The Pittsburgh Penguins are losing the Stanley Cup Final. The games are tied 2-2, but no one who understands Nashville has won the play for most of the four games, or that Nashville goalie Pekka Rinne lost a pair of games but has regained form, would call the series a tie. Under current dynamics and situation, this is the Nashville Predators series to win or lose. They’ve been the better team throughout. However, this is how the Penguins survive the next three games and again drink from the Stanley Cup.
Don’t Skate with Nashville
Imitate Nashville from the Western Conference Final: Trap. 1-2-2 (Preds use a 1-3-1, but the Pens have a 1-2-2 in their arsenal). Trap the Predators at least until their momentum fades. Skating with Nashville isn’t working. It won’t work any longer.
The Penguins were puck possession darlings a season ago. Their speed allowed them to play aggressively all over the ice. Opposing defensemen had no quarter. Opposing forwards could smell the Penguins breath. The aggressiveness created turnovers, puck possession and scoring chances.
Seem familiar? The Predators are currently doing it to the Penguins.
Perhaps it’s a battle of wills, or as my grandfather may say, the Penguins are being stubborn. It is the Penguins who are the faster, better team right? So they must stick to their guns. Right?
Wrong. Way wrong. Not only are the Penguins not the faster team, with Nashville’s defense it’s debatable if the Penguins are the better team. In fact, after four games there is no evidence the Penguins are superior.
It is time for the Penguins to abandon ship. Forget what they want to be and truly understand what they are: A slower, counter-attacking team with great skill and heart. To classify the Penguins as anything more would be fandom or foolish.
Or worse, stubborn.
Nashville survived Anaheim in the WCF despite being beaten from pillar to post by dropping into a 1-3-1, and only forechecking when the situation allowed. With great defense and goaltending, Nashville hung on to win in six games.
The Penguins should take note.
The Penguins provided a preview in the third period. Counter attacking with an aggressive transition game.
Midway through the first period, the Predators began to crash the Penguins zone. With clean zone entries, the Predators took the puck deep, as they collapsed the offensive zone with four or even five players, it overwhelmed the Penguins.
The Predators went all-in. It cost them as Sidney Crosby scored a break-away goal, but the Penguins were not able to capitalize as the teams traded chances. The Penguins had chances, but the Predators had chances and pressure.
Chances AND pressure are better.
If the Penguins are to thwart the Predators, they’ll have to be more aggressive defending their zone. Backing off and backing in won’t work. Ian Cole explained a little more about it to a couple reporters, including Dan Kingerski and Matt Gajtka. As Matt posts the video, we’ll link to it here, and update.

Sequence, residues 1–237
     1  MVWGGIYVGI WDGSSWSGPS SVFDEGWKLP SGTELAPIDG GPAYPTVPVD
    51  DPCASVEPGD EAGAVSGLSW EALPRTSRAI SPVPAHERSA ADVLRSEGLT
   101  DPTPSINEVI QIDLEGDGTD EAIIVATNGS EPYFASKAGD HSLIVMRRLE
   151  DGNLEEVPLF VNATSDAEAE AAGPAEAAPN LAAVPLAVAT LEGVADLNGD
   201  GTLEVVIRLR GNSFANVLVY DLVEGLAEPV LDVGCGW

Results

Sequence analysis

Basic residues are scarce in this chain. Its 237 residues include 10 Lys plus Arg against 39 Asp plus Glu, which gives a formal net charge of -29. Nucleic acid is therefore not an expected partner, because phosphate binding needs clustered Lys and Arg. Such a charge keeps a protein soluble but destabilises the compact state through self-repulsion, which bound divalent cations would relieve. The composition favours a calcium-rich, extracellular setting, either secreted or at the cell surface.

With more aggressive defense in their own zone, the Penguins will be able to start their transition game, as they did in spurts but more consistently in third period.
Mostly playing five D may be the way to go. If Chicago can win with four, the Penguins should be able to survive with five. In fact, as injuries robbed the Penguins of defensemen in the Washington series, the dissolution of Dumoulin-Hainsey was a large positive.
Ron Hainsey is a good defenseman. Brian Dumoulin is a good defenseman. Dumoulin-Hainsey is a bad defensive pairing. First the Blue Jackets, then the Capitals and now the Predators are too often pinning them in their own zone. Dumoulin’s cringe worthy first period turnover gave Filip Forsberg a free and clear shot from the slot.
Ron Hainsey should dress, but ice time be limited. Or, whichever stay-home defender is not showing enough hop can be the filler (Maatta or Dumoulin).
Neither Dumoulin or Hainsey has much of a shot or offensive game. Head coach Mike Sullivan has expressed satisfaction with his pairings, but a puck mover beside either one could be a big help.
Chad Ruhwedel would likely be over-run in this series. Five d-men is the ticket.
Scoring: Crosby and ?
At least for a few moments, Kessel barged into the Predators zone, chased the puck with aggression and created a scoring chance. Kessel did not score in Game 4, had seven shot attempts and two on net. He missed badly on a few of the attempts.
The Penguins lack of an HBK line equivalent continues to haunt them. Scott Wilson was scratched for Josh Archibald. Conor Sheary continued his stay in the dog house with fourth line minutes. Carl Hagelin was elevated to the Malkin line and appeared to have a strong game, but did not generate offense.
Crosby was marvelous in Game 4. A pair of breakaways, one successful, and he was aggressive trying to shoot the puck. As Crosby pushed, the ice slightly opened for his linemates. Jake Guentzel had a few great chances, including a wide open net but Pekka Rinne may have provided the moment of the series with a diving save.
So with the Stanley Cup in the balance, someone must stand with Crosby on the scoring sheet.
It’s now a best of three. Nashville has all of the momentum, confidence, and legs. It’s up to the Penguins to take it away via trap, secondary scoring help and a shortened bench, on the blue-line.
It can be done.